Pope Benedict XVI: Canonization Homily (full text)


(Vatican Radio) Below please find the full text in English of Pope Benedict XVI’s homily at this morning’s Canonization ceremony in St Peter’s Square:

The Son of Man came to serve, and to give his life as a ransom for many (cf. Mk 10:45)

Dear Brother Bishops,
Dear brothers and sisters!

Today the Church listens again to these words of Jesus, spoken by the Lord during his journey to Jerusalem, where he was to accomplish the mystery of his passion, death and resurrection. They are words which enshrine the meaning of Christ’s mission on earth, marked by his sacrifice, by his total self-giving. On this third Sunday of October, on which we celebrate World Mission Sunday, the Church listens to them with special attention and renews her conviction that she should always be fully dedicated to serve mankind and the Gospel, after the example of the One who gave himself up even to the sacrifice of his life.

I extend warm greetings to all of you who fill Saint Peter’s Square, especially the official delegations and the pilgrims who have come to celebrate the seven new saints. I greet with affection the Cardinals and Bishops who, during these days, are taking part in the Synodal Assembly on the New Evangelization. The coincidence between this ecclesiastical meeting and World Mission Sunday is a happy one; and the word of God that we have listened to sheds light on both subjects. It shows how to be evangelizers, called to bear witness and to proclaim the Christian message, configuring ourselves to Christ and following his very path. This is true both for the mission ad Gentes and for the new evangelization in places with ancient Christian roots.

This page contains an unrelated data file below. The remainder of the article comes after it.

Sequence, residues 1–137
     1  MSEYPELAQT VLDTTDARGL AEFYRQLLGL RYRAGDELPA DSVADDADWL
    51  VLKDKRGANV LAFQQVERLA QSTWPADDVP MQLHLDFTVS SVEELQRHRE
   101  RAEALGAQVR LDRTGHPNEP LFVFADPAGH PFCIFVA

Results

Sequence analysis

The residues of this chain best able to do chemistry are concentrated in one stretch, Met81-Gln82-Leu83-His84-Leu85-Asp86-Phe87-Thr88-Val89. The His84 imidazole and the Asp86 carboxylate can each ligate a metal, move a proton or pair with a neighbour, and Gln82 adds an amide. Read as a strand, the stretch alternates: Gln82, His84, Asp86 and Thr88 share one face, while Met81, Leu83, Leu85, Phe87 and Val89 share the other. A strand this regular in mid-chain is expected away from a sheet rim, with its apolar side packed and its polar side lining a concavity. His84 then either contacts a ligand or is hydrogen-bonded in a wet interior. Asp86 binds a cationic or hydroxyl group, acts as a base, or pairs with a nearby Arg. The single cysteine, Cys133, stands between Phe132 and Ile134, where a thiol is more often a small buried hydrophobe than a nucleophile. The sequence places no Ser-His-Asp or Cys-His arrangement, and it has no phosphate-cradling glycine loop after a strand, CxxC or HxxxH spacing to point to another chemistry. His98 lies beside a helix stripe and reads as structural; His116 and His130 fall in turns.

The Son of Man came to serve, and to give his life as a ransom for many (cf. Mk 10:45)
These words were the blueprint for living of the seven Blessed men and women that the Church solemnly enrols this morning in the glorious ranks of the saints. With heroic courage they spent their lives in total consecration to the Lord and in the generous service of their brethren. They are sons and daughters of the Church who chose the path of service following the Lord. Holiness always rises up in the Church from the well-spring of the mystery of redemption, as foretold by the prophet Isaiah in the first reading: the Servant of the Lord is the righteous one who “shall make many to be accounted as righteous; and he shall bear their iniquities” (Is 53:11); he is Jesus Christ, crucified, risen and living in glory. Today’s canonization is an eloquent confirmation of this mysterious saving reality. The tenacious profession of faith of these seven generous disciples of Christ, their configuration to the Son of Man shines out brightly today in the whole Church.

Jacques Berthieu, born in 1838 in France, was passionate about Jesus Christ at an early age. During his parish ministry, he had the burning desire to save souls. Becoming a Jesuit, he wished to journey through the world for the glory of God. A tireless pastor on the island of Sainte Marie, then in Madagascar, he struggled against injustice while bringing succour to the poor and sick. The Malagasies thought of him as a priest come down from heaven, saying, You are our “father and mother!” He made himself all things to all men, drawing from prayer and his love of the sacred heart of Jesus the human and priestly force to face martyrdom in 1896. He died, saying “I prefer to die rather than renounce my faith”. Dear friends, may the life of this evangelizer be an encouragement and a model for priests that, like him, they will be men of God! May his example aid the many Christians of today persecuted for their faith! In this Year of Faith, may his intercession bring forth many fruits for Madagascar and the African Continent! May God bless the Malagasy people!